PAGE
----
How can we theorise partitions differently? How are new identities, moralities, polities and life constructed post-partition? How are gender and sexuality recalibrated after partition? How can violence be theorised? What is the relationship between identity in the diaspora and identity after partition? What is the relationship between the movement of capital and national borders that is the mark of partition?
Partitions and their Afterlives engages with political partitions and how their aftermath affects the contemporary life of nations and their citizens. Using a comparative perspective, the essays seek to stretch our understanding of these conflicts and to show how elements of our day-to-day lives have been shaped by them. In juxtaposing the various partitions in a single volume the book contributes to debates on citizenship, collective memory, nation-building, and borders and boundaries. Such a focus also reveals how local communities as well as nations use their knowledge of the past and history. This ground-breaking multi-disciplinary and multi-region volume will analyse the various convergences and departures between the different partitions and draw out lessons for the present. In so doing, this work will also examine methodological challenges and the imperatives for scholars working on individual countries.
Radhika Mohanram and Anindya Raychaudhuri
1. The 1947 Partition Violence: Characteristics and Interpretations
2. The Socio-Historical Production of Partition in Palestine
Marcelo Svirsky and Ronnen Ben-Arie
3. Sexuality after Partition: The Great Indian Private Sphere
4. Lessons not Learned from the Yugoslav Dismemberment and their Implications for the European Union
5. Legacies of Partition: Remembering the German Democratic Republic
6. Legacy of Indian partition
7. Post-partition anxieties and the matter of authenticity in Ireland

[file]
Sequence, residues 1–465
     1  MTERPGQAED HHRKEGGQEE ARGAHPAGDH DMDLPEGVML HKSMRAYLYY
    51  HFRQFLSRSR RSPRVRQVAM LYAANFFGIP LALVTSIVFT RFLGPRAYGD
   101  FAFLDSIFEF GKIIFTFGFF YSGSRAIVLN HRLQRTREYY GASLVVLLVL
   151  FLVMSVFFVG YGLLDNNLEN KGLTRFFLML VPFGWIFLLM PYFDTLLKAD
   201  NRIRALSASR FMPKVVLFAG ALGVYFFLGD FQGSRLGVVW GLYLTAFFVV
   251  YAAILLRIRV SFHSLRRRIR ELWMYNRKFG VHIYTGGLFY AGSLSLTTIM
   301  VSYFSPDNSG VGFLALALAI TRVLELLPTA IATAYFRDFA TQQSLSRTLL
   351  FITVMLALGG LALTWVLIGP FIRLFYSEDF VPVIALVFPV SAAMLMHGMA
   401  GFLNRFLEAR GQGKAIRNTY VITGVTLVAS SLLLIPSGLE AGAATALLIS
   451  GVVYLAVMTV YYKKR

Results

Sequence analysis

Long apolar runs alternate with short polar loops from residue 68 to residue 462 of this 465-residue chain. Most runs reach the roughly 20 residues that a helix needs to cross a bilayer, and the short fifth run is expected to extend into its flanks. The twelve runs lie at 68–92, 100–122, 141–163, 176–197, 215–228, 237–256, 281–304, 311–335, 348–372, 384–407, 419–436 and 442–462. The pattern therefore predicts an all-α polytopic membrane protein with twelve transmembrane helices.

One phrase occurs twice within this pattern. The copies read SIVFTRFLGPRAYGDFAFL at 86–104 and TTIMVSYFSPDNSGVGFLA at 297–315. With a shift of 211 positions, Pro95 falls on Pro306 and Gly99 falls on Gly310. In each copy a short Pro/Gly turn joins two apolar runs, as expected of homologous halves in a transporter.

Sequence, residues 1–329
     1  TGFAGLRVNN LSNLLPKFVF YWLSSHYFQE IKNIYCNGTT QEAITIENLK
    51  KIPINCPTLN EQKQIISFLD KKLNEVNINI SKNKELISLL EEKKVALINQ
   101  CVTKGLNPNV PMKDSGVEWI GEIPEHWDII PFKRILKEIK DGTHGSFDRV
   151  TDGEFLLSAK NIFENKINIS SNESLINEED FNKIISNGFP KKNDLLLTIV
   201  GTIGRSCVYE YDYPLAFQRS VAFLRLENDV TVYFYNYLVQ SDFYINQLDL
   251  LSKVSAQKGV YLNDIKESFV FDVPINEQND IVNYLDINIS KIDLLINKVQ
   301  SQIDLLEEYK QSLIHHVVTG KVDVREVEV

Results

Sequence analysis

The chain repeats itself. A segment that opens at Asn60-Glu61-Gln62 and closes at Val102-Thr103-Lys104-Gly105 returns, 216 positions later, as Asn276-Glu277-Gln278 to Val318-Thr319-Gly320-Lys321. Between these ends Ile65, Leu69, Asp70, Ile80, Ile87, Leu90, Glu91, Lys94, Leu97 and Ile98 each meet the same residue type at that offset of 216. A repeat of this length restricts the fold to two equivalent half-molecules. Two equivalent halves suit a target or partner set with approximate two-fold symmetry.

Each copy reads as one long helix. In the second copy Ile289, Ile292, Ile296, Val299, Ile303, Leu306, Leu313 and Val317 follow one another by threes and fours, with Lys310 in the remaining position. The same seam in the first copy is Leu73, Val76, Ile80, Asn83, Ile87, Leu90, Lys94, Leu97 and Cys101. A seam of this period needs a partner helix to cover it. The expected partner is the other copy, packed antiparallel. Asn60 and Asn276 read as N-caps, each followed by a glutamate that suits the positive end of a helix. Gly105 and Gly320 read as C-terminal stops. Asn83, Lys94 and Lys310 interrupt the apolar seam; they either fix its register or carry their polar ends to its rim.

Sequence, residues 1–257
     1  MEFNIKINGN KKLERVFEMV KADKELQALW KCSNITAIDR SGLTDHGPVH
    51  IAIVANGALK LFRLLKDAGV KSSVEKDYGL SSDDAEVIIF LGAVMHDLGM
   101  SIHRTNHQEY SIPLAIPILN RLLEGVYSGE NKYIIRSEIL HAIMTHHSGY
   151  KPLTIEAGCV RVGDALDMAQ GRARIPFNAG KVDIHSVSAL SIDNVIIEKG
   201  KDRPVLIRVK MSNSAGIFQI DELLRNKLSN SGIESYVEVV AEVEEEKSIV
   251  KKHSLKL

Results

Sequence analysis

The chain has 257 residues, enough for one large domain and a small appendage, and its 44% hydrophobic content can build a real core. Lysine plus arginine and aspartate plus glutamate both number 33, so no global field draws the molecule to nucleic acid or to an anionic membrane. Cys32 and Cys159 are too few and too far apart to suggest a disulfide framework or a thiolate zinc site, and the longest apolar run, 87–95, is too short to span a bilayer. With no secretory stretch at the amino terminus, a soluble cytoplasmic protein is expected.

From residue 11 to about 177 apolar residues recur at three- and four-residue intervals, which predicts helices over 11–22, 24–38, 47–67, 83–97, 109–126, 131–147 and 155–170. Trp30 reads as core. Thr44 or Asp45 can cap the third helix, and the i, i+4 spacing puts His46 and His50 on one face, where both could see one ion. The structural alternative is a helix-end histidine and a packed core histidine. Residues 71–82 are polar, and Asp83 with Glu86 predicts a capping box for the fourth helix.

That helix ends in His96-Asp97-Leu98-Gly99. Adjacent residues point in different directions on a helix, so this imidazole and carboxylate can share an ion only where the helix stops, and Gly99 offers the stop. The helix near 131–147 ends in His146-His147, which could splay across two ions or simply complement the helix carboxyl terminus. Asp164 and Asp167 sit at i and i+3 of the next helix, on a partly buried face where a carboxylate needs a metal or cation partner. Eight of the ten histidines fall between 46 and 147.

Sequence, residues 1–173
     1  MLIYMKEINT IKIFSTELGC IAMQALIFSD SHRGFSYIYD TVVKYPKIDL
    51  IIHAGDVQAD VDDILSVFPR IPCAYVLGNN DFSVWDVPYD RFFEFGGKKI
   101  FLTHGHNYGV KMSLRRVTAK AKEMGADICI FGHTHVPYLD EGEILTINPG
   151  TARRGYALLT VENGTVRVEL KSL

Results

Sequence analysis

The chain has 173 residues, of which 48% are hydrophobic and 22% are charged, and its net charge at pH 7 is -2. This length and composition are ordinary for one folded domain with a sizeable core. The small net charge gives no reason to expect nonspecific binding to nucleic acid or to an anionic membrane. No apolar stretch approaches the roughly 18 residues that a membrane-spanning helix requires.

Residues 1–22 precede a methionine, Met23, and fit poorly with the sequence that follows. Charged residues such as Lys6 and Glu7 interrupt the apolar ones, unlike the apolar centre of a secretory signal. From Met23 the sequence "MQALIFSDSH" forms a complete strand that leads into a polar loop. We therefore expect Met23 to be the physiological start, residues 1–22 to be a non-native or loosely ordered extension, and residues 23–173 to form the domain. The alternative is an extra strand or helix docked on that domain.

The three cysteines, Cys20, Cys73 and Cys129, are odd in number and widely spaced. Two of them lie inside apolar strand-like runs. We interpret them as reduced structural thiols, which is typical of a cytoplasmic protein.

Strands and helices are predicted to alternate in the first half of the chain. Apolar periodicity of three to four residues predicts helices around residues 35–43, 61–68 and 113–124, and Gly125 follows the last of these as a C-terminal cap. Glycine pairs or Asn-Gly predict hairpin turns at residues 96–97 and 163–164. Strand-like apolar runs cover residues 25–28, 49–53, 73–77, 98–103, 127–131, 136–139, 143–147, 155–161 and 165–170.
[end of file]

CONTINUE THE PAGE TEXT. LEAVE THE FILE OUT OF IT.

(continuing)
8. Drawing Partition and Its Violence: Joe Sacco’s Palestine and Vishwajyoti Ghosh’s This Side, That Side
9. Advertising (Across) Borders: Fetishizing Humanism and the “Magic” of Capitalism
10. Following a Theory of Partition
Radhika Mohanram is a Professor at the Centre for Critical and Cultural Theory, Cardiff University, UK.
Anindya Raychaudhuri is a Lecturer in English at the University of St Andrews.
This book could not be more timely, given the hysteria with which national borders are being increasingly ‘protected’. The essays demonstrate that partitions are not erected to keep violent communities away from each other, nor are they simply historically erected border walls, but are the result of ongoing political processes whose consequences spread wide and deep in contemporary communities. These analyses of partitions are both comprehensive and astute and throw a great deal of light upon the bordering practices operating in the world today.
This ambitious and timely volume is the first to bring together humanities and social science scholars to collectively address the historical, theoretical, cultural and social legacies of partition, from the era of decolonisation to the present. Ranging from policy to popular fiction, and from advertising to the archive, the collection insists on the need for a truly comparative partition studies, undeterred by geographical or disciplinary limits.
By inducting numerous parallel case studies of partition in the last century, this volume goes beyond the causation, processes and consequences of decolonisation and border demarcations—often done hastily and self-righteously with complete irreverence for people at large. Areas like gender, selective usage by nationalist narratives and commercial concerns, and an ongoing evolution of sundered and imagined communities feature in this collection offering comparative searchlight on varied examples such as Ireland, Germany, Bosnia, Palestine and certainly the Sub-continent.
Thanks to a ‘multidirectional’ approach, this multi-region edited collection of essays stretches our understanding of how partitions are constructed and how we are intimately shaped by them. It revisits perspectives that have so far been limited to individual nations and entrenched disciplines. Paradoxically, the framework of memory and trauma studies emphasizes even more how partitions are endlessly replayed in our present. A must-read for anyone interested in the contemporary world.